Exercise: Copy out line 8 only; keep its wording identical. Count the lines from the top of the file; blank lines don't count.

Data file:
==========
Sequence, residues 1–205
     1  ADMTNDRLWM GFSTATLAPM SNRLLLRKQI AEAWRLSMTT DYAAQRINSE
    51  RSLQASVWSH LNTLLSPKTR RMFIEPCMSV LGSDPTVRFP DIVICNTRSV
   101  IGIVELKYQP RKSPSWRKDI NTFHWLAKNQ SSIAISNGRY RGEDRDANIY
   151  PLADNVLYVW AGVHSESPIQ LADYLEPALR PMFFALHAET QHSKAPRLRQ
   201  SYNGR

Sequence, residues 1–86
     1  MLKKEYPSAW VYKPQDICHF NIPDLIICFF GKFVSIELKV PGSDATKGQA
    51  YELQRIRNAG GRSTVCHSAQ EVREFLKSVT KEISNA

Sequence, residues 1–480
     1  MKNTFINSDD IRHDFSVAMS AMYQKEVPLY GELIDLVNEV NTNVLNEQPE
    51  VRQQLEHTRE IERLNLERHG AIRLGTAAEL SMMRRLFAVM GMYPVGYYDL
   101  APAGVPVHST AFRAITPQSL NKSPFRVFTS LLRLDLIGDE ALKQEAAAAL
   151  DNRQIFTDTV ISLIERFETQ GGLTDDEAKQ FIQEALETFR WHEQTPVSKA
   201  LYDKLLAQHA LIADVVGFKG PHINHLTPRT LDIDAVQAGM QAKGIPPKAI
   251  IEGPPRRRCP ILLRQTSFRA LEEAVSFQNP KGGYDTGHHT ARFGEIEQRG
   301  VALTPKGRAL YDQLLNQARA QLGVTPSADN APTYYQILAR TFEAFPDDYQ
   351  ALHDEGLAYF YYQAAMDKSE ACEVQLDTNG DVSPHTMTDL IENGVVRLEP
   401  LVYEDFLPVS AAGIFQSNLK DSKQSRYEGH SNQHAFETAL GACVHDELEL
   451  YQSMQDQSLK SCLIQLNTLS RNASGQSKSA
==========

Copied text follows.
     1  MLKKEYPSAW VYKPQDICHF NIPDLIICFF GKFVSIELKV PGSDATKGQA